Convert Integer Factorization into a boolean SATISFIABILITY problem
Determining factors of a large integer number has been of interest to Man since at least Euclid's time. There is no known
general algorithm for this problem that scales in less than exponential time with respect to the number of bits needed
to represent the integer.
What this code does
Converts an integer factorization problem into a boolean SATISFIABILITY problem.
If the problem is solved by a SAT solver, it then extracts the integer factors.
Boolen satisfiability solvers improve every year. Every 2 years, an international competition between solvers takes place (see
http://www.satcompetition.org/ and http://www.satlive.org/). How well can these state-of-the-art solvers do against one of the
oldest open math problems in existence?
This project has 2 main purposes:
1) Convert the problem and factor an integer of interest!
2) Quickly create either a solvable or an unsolvable SATISFIABILITY problem, whose difficulty is easily controlled by the creater.
- To create an unsolvable SATISFIABILITY problem, simply encode a prime number.
- To create more difficult but solvable problems, choose larger composite numbers with fewer factors.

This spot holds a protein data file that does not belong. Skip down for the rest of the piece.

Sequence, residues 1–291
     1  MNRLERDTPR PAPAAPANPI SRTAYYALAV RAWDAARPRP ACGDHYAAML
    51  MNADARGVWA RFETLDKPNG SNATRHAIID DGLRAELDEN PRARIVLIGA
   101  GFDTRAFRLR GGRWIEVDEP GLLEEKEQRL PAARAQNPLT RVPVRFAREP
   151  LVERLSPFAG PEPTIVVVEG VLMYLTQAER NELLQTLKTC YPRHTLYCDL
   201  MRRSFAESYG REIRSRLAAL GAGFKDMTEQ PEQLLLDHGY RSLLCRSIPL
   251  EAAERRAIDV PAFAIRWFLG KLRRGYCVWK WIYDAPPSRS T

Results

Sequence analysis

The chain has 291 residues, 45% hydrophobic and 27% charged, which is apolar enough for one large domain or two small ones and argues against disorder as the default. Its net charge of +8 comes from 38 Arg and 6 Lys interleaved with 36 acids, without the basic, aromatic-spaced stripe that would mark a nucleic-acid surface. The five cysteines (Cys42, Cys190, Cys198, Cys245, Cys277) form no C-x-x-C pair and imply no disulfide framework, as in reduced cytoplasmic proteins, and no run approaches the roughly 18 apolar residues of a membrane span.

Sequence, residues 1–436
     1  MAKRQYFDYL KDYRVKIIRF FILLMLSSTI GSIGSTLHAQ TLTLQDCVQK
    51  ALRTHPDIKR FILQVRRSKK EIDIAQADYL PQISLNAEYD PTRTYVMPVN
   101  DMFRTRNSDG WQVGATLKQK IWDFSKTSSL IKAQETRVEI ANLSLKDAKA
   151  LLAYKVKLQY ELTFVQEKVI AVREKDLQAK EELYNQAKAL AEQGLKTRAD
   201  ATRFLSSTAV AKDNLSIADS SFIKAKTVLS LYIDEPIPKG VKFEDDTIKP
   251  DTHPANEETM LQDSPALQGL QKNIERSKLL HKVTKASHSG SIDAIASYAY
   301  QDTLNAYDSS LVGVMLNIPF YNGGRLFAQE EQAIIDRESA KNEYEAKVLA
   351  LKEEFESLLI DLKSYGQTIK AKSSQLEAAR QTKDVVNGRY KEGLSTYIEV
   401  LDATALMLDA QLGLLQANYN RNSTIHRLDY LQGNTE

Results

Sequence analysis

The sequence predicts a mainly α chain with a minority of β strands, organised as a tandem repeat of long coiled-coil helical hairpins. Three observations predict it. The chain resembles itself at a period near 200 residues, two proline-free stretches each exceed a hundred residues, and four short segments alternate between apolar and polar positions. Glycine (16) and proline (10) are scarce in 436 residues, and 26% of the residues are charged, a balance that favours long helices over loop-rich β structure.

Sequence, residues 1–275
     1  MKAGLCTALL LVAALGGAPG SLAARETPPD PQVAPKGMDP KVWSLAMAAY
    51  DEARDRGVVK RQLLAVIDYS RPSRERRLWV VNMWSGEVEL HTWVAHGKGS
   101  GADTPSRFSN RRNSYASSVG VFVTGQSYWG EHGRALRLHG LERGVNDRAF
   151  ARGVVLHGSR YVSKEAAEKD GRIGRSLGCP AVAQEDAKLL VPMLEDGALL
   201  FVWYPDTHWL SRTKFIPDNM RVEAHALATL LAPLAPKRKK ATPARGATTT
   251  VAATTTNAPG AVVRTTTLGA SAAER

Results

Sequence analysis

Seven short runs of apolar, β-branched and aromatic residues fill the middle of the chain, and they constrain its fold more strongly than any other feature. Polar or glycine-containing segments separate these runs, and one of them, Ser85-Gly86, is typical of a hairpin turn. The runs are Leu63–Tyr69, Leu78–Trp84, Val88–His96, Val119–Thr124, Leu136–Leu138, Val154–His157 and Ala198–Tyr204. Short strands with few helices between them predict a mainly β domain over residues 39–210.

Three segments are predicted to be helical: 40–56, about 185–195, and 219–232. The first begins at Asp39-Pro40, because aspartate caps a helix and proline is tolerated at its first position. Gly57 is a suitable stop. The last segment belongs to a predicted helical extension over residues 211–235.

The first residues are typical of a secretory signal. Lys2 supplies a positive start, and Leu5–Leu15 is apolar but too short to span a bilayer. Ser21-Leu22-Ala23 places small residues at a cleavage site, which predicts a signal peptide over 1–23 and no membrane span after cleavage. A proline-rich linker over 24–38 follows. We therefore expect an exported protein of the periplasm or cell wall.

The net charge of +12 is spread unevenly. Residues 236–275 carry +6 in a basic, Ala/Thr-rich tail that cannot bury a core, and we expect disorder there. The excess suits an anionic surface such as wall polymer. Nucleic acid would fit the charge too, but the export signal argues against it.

The number of interest may be any size!
There are some open-source SATISFIABILITY solvers. See http://www.satlive.org/ for some of these.
make -C src/
Input a number of interest in its binary form:
bin/iencode 10101 > composite.21
// solve with your favorite solver and put results in solution.txt
bin/extract-sat composite.21 solution.txt
The output would be:
which are binary representations for decimal integers 3 and 7, the factors of 21.
If an input integer has more than 2 factors, and the SAT problem is solved, the output will be two of the factors only. These
may not be prime numbers (you could test for that easily in Maxima, Maple, or Mathematica).
Not all SAT solvers output results in the same format. You may need to doctor those results slightly. extract-sat
requires a solution file containing a list of integers (on any number of lines). For example,
1 -2 3 4 -5 ...